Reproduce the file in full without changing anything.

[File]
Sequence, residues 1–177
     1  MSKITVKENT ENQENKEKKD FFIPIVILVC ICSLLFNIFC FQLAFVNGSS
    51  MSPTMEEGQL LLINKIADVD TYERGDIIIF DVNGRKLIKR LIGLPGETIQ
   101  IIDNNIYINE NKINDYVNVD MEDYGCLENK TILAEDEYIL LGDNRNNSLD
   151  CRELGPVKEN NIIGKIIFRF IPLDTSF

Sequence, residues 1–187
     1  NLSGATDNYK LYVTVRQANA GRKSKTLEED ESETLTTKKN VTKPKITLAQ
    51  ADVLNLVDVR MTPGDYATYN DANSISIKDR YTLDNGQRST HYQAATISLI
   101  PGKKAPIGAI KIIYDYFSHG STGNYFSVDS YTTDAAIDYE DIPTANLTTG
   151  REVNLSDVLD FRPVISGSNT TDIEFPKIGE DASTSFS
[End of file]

Sequence, residues 1–177
     1  MSKITVKENT ENQENKEKKD FFIPIVILVC ICSLLFNIFC FQLAFVNGSS
    51  MSPTMEEGQL LLINKIADVD TYERGDIIIF DVNGRKLIKR LIGLPGETIQ
   101  IIDNNIYINE NKINDYVNVD MEDYGCLENK TILAEDEYIL LGDNRNNSLD
   151  CRELGPVKEN NIIGKIIFRF IPLDTSF

Sequence, residues 1–187
     1  NLSGATDNYK LYVTVRQANA GRKSKTLEED ESETLTTKKN VTKPKITLAQ
    51  ADVLNLVDVR MTPGDYATYN DANSISIKDR YTLDNGQRST HYQAATISLI
   101  PGKKAPIGAI KIIYDYFSHG STGNYFSVDS YTTDAAIDYE DIPTANLTTG
   151  REVNLSDVLD FRPVISGSNT TDIEFPKIGE DASTSFS